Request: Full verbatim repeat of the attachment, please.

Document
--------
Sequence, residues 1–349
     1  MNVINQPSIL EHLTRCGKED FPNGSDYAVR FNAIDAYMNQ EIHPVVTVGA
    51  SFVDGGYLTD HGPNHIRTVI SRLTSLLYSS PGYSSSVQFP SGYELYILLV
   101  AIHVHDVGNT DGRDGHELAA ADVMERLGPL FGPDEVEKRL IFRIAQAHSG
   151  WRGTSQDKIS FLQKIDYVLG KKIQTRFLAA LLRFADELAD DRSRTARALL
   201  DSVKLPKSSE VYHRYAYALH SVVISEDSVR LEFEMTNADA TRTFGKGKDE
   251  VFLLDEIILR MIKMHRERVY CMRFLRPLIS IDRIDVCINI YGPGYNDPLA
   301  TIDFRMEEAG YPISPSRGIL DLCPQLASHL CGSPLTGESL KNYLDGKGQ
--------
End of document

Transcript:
Sequence, residues 1–349
     1  MNVINQPSIL EHLTRCGKED FPNGSDYAVR FNAIDAYMNQ EIHPVVTVGA
    51  SFVDGGYLTD HGPNHIRTVI SRLTSLLYSS PGYSSSVQFP SGYELYILLV
   101  AIHVHDVGNT DGRDGHELAA ADVMERLGPL FGPDEVEKRL IFRIAQAHSG
   151  WRGTSQDKIS FLQKIDYVLG KKIQTRFLAA LLRFADELAD DRSRTARALL
   201  DSVKLPKSSE VYHRYAYALH SVVISEDSVR LEFEMTNADA TRTFGKGKDE
   251  VFLLDEIILR MIKMHRERVY CMRFLRPLIS IDRIDVCINI YGPGYNDPLA
   301  TIDFRMEEAG YPISPSRGIL DLCPQLASHL CGSPLTGESL KNYLDGKGQ